Cantors Verses Soloist
For a series of cantor workshops, I complied a video of cantors singing the responsorial psalm. These clips were culled from the Sunday morning Roman Catholic televised Mass in my diocese.
As you listen and watch, don’t judge the singer. Don’t judge their training or quality of voice. Instead, listen for inflection. Do you beleive what they are proclaiming? Do you think they beleive what they are proclaiming? Are they proclaiming? Are they preoccupied with performing? Do they appear warm and welcoming? Do they seem nervous? Are their gestures on the beat? Do they have any unnecessary movements? Do they make eye contact with everyone? Do they stare at their music? Does it seem like they are proclaiming the Word of God or singing a song? Do they look happy to be there? Are they dynamic? Do they smile?
I had a conversation with a singer regarding the subtle difference between a cantor and soloist. Here are some of the thoughts I shared with her.
A cantor proclaims.
A soloist sings.
A cantor looks at the congregation during the introduction.
A soloist looks at the music, floor, pianist.
A cantor has part of the music memorized (like the refrain) and looks at the people while singing it.
A soloist stares at the music.
A cantor gestures and cues the assembly.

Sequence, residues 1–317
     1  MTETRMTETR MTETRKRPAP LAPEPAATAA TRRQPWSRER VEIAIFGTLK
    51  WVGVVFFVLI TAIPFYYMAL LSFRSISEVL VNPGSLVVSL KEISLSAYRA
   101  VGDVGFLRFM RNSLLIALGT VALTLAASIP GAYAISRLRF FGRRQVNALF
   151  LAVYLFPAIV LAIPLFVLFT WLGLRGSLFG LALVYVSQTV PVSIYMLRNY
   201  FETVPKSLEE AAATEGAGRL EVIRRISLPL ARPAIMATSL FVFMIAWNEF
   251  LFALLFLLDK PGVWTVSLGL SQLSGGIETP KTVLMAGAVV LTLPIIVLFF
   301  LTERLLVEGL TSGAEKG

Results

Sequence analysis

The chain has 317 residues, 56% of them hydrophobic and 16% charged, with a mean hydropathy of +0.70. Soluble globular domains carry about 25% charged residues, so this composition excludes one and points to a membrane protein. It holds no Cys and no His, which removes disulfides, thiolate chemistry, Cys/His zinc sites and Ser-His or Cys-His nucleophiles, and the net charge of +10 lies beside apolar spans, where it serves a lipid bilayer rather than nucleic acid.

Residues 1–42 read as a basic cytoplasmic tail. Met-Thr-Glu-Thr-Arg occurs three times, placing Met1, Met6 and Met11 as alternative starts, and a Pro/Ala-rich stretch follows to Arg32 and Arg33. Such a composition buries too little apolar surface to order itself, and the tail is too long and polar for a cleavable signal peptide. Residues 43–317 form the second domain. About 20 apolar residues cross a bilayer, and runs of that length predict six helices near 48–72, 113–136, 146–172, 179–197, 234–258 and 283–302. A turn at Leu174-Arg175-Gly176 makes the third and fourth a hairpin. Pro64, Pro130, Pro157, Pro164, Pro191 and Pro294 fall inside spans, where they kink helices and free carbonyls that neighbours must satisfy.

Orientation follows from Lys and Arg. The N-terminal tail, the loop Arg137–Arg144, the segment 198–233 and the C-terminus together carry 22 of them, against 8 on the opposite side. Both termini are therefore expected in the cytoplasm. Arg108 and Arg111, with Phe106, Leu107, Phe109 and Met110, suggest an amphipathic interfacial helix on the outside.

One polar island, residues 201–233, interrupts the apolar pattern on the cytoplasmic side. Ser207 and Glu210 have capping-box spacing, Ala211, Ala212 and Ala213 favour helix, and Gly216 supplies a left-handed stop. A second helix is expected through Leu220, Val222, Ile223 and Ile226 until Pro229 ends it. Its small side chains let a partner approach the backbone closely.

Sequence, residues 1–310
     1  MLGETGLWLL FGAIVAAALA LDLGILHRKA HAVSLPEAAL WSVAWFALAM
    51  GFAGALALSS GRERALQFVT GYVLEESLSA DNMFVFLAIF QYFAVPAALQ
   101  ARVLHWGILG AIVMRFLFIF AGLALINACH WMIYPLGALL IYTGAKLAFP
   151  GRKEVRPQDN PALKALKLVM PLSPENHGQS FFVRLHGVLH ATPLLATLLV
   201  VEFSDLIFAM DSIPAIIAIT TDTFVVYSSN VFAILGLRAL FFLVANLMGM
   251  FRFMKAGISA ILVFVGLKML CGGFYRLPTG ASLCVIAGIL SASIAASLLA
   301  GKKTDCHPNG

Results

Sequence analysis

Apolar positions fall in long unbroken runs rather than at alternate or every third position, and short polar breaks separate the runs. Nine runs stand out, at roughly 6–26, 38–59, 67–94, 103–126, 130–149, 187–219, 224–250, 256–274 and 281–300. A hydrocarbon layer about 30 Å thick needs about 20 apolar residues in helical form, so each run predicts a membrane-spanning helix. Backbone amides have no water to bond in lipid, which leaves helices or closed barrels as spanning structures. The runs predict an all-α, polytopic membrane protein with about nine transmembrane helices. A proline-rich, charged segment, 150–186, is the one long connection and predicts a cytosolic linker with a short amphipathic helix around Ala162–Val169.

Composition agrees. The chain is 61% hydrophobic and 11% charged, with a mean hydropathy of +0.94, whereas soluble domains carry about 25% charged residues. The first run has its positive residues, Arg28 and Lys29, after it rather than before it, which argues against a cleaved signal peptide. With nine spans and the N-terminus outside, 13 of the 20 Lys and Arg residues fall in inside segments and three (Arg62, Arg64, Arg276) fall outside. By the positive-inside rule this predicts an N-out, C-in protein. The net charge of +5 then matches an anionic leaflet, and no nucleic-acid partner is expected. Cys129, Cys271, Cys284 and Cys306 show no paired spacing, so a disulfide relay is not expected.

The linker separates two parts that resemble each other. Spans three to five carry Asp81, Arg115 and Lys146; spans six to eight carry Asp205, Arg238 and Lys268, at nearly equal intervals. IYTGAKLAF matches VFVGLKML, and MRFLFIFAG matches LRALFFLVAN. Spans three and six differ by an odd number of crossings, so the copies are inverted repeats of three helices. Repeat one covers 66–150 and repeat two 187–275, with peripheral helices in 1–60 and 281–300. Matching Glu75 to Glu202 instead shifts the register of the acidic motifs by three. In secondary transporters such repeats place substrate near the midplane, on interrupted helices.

A soloist just stands there.
A cantor (during the Psalm) doesn’t sing the refrain but looks at the people as they respond to her.
A soloist sings her own response.
A cantor prayed the text during the week that she is going to proclaim on Sunday.
A soloist learned the song she is going to sing.
A cantor has people come up to them after the service to tell them how the text spoke to them.
A soloist has people come up to them after the service to tell them how beautiful they sang.
I demand that all my cantors memorize part of the Psalm so that they can look out at the people. If a cantor sings from Psalm 27, “The Lord is my light and my salvation, of whom shall I be afraid.” and looks out at someone who is scheduled for surgery tomorrow, it can have a huge impact on that person.
If a cantor sings from Psalm 42, “Why should I mourn and toil within when it is mine to hope in God?” and looks out at a teen thinking about suicide, it can make a difference in their life.
If a cantor sings from Psalm 63, “As morning breaks, I look to you to be my strength this day.” and looks at someone starting a new job tomorrow, it could make a difference for that person.
If a cantor sings from Isaiah 43, “I have called you each by name. I love you and you are mine.” and looks at someone who is lonely, it might make a difference in their life.
A cantor, if they do all those things, will grow by leaps and bounds.
A soloist, may grow through years of repetition.